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Internal Controls Breakdown:
Recurring and Repetitive Payments

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This excerpt is part of a longer article about Internal Control Breakdowns in the Payment Process.

There are a whole variety of items that require the same payment to be made every month. This might include things like rent, equipment leases, loan payments etc. Depending on your industry, there might be other items as well. Rather than create a new voucher each month for the same exact payment, some organizations set these items up to be automatically paid on a recurring basis.

If care is not taken and an end date included in the arrangement, the organization could find itself paying for something it no longer was obliged to pay for. Hence it is critical that when recurring payments are set up, an end date be included rather than have them go on without a light at the end of the tunnel.

The second problem that can occur is when the item is paid off early. In the case of a loan this might be an early payment or a renegotiation to get a lower rate. In the case of a lease, occasionally the lessor will entice the lessee into a new lease for better/newer equipment or whatever. Both of these situations are fine as long as the initial payment is stopped when the new payment stream begins. More than occasionally this does not happen and the original payment continues as well as the new payment.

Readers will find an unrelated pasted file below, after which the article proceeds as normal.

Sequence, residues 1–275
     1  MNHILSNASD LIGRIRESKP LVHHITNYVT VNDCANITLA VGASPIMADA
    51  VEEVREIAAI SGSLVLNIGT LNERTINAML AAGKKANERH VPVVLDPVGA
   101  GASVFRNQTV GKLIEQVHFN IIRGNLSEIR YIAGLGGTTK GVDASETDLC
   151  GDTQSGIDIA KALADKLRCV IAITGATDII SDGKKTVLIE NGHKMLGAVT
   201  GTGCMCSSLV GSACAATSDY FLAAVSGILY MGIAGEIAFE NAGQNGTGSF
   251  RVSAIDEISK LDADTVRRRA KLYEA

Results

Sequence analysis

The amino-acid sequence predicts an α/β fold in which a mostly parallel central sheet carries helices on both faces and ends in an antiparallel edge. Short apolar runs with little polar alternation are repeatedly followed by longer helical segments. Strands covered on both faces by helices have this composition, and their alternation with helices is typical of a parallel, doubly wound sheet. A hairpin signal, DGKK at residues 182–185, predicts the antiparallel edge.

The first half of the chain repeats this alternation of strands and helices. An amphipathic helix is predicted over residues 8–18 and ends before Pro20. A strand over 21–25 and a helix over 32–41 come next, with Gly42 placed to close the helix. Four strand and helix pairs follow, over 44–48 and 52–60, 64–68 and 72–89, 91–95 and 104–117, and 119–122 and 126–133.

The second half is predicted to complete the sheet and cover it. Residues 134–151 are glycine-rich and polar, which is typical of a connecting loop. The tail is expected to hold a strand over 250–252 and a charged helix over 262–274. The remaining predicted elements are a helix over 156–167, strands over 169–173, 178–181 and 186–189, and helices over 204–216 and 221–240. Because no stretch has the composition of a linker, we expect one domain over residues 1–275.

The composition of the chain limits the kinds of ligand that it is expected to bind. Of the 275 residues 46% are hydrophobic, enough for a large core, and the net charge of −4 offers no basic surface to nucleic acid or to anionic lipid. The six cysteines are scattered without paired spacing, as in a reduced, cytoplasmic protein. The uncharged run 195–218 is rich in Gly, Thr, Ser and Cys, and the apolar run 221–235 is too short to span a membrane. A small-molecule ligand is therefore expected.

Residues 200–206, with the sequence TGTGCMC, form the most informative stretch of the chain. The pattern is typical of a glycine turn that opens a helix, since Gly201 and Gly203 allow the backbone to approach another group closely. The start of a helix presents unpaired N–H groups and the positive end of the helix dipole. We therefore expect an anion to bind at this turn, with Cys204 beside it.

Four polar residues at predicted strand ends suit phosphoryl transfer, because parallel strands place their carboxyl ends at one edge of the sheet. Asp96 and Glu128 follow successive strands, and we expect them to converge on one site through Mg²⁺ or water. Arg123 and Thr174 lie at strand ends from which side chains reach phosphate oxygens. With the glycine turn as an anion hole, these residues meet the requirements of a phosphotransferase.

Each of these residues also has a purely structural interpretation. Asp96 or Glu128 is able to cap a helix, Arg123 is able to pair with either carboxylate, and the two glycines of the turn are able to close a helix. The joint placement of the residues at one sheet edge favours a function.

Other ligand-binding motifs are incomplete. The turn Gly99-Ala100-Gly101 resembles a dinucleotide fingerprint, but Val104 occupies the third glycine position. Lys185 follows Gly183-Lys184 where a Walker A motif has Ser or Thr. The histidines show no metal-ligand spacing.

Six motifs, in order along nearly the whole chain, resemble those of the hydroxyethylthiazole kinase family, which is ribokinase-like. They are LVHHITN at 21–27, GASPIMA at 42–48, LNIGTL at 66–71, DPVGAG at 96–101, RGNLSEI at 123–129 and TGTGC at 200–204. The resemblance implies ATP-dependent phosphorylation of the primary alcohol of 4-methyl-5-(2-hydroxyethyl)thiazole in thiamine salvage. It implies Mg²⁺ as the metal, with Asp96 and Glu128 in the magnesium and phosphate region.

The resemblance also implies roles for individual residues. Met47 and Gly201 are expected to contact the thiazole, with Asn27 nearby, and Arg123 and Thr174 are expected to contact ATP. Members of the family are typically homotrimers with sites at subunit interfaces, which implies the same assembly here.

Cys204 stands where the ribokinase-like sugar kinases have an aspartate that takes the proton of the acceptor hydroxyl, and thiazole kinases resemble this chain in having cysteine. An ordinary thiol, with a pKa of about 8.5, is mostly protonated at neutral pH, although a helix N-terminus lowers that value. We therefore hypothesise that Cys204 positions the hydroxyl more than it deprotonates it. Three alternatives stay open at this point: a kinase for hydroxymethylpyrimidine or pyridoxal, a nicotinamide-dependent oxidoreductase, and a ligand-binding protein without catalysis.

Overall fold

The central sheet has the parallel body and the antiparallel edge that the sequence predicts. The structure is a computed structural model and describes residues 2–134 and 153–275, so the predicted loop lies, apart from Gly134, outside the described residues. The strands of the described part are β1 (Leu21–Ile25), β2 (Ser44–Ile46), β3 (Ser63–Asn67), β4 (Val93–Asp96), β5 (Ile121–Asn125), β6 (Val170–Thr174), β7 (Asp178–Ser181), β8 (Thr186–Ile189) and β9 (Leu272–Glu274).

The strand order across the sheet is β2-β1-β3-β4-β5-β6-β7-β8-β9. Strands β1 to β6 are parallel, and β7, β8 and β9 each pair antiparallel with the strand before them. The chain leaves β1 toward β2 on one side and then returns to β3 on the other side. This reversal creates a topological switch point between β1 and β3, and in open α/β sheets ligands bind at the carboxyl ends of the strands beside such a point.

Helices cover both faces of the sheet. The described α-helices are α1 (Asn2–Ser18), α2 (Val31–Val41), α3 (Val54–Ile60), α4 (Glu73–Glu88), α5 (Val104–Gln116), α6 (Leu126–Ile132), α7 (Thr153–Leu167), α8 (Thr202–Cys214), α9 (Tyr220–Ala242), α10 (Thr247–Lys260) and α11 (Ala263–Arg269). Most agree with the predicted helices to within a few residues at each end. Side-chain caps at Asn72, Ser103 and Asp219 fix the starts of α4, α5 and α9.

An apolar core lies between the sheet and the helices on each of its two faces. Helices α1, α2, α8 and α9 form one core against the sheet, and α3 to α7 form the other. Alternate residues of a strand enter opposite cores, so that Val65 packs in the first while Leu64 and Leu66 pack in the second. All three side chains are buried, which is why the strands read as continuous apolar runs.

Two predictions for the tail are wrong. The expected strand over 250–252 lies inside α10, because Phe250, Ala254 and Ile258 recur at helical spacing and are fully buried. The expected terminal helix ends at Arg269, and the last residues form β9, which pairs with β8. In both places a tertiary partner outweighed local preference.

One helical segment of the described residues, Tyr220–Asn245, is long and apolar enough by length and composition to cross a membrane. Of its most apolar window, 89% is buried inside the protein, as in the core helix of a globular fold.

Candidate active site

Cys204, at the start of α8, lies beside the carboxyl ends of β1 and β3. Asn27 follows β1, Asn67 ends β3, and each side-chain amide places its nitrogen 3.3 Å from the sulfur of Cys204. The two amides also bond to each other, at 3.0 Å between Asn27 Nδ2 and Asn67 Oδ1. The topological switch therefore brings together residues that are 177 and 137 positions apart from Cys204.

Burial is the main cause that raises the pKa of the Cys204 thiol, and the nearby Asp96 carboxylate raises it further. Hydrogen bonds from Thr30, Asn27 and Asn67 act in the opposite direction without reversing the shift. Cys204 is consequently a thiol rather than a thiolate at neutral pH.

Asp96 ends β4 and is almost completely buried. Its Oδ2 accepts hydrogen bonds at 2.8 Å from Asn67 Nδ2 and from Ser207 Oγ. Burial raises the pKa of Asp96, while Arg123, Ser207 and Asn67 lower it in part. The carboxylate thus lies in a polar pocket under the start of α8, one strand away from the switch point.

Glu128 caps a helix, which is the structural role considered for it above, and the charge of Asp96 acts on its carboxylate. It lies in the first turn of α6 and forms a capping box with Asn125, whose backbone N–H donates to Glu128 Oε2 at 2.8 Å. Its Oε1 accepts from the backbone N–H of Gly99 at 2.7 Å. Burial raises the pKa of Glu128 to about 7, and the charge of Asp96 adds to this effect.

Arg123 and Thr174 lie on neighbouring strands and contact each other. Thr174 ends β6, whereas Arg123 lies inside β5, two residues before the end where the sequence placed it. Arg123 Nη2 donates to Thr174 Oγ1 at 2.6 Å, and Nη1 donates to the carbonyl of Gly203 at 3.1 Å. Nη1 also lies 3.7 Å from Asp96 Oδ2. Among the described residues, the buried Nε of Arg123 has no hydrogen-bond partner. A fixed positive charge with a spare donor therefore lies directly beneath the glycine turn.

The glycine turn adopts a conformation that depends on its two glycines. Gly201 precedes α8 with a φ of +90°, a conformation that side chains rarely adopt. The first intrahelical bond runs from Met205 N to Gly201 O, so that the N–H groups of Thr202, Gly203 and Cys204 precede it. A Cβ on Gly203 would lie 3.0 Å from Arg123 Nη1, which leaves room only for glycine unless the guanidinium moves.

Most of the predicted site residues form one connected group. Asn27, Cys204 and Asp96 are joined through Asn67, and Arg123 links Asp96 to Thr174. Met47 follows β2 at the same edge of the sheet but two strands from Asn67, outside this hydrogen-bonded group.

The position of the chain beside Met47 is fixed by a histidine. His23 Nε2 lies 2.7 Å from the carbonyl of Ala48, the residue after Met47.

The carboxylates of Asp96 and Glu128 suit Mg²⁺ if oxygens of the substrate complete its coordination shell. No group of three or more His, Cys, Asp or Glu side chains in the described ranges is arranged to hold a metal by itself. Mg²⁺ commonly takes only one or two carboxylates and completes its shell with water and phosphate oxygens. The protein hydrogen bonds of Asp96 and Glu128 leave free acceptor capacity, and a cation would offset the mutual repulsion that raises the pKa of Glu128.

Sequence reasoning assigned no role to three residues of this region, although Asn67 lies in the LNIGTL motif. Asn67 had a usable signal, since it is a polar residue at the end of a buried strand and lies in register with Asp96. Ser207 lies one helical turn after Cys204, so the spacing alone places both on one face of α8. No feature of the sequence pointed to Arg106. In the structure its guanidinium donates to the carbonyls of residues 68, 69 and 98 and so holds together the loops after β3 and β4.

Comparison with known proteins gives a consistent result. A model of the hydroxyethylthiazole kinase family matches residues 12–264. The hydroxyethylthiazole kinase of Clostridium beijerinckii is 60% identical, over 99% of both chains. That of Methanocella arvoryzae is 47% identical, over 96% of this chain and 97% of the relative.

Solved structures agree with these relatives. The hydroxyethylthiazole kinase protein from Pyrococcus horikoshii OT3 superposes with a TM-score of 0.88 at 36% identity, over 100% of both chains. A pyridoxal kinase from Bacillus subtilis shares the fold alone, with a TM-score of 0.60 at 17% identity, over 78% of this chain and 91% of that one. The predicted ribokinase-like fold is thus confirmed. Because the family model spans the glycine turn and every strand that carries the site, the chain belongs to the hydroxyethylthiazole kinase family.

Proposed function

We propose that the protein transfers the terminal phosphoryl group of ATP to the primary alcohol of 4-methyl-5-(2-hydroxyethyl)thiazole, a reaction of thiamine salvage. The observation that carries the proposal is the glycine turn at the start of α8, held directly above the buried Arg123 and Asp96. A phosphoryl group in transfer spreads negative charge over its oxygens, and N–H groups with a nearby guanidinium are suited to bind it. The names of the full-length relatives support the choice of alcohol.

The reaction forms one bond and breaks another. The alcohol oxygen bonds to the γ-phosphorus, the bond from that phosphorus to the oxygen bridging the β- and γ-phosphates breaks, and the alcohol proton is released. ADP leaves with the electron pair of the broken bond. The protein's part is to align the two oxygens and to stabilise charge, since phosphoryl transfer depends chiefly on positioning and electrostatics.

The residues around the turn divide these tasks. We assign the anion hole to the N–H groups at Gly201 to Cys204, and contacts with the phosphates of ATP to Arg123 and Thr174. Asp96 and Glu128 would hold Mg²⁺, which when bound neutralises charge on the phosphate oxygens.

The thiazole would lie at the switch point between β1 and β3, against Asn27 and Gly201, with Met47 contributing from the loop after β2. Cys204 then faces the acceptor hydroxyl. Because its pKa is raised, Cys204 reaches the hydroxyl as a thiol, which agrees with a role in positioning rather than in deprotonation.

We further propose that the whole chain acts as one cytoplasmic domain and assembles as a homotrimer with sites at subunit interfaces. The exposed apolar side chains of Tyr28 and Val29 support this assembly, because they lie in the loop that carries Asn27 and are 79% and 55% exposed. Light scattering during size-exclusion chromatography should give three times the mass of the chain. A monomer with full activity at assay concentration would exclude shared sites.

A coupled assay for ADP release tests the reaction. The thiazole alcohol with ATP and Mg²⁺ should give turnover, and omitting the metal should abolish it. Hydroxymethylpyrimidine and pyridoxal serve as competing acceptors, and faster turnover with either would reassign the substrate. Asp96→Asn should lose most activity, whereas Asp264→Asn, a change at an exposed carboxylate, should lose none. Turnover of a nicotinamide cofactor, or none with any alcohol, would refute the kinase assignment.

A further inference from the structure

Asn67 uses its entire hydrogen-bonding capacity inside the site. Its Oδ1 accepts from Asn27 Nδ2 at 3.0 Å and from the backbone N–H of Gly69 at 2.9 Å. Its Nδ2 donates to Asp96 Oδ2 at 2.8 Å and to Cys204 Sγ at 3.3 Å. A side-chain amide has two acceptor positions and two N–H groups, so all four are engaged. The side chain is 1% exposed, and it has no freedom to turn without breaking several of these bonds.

You can run into the same problem with repetitive payments for services, phones etc. If someone does stay on top of these accounts the organization can find itself paying for services never used. For example, if the phone company isn’t notified when a phone line is no longer needed, it will continue to bill for it. For most organizations this isn’t a problem as it uses all its phone lines. But those who have a significant downsizing initiative may find themselves paying for services not being used. The same can be said for subscriptions, online services, and specialized database access for employees who have left (voluntarily or not).

Strong internal controls protect any organization. It is important to make sure yours cover not only the functions used on a regular basis but also those only used occasionally.

This is part of a series of articles on Internal Controls Breakdown, which began in the October 2012 issue of the Accounts Payable Now and Tomorrow newsletter. Start a subscription before December 15, 2012 and we’ll start your subscription with the October issue so you can read the entire article on Internal Controls Breakdown in the Payment Process.

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More articles:

Stop Duplicate Payments in Their Tracks: A 13-Step Precautionary Plan of Attack

AP N&T Survey Reveals Rush Checks Not the Only Check Issue to Cause Headaches in AP

How to Improve Your Duplicate Payment Detection Rates

 

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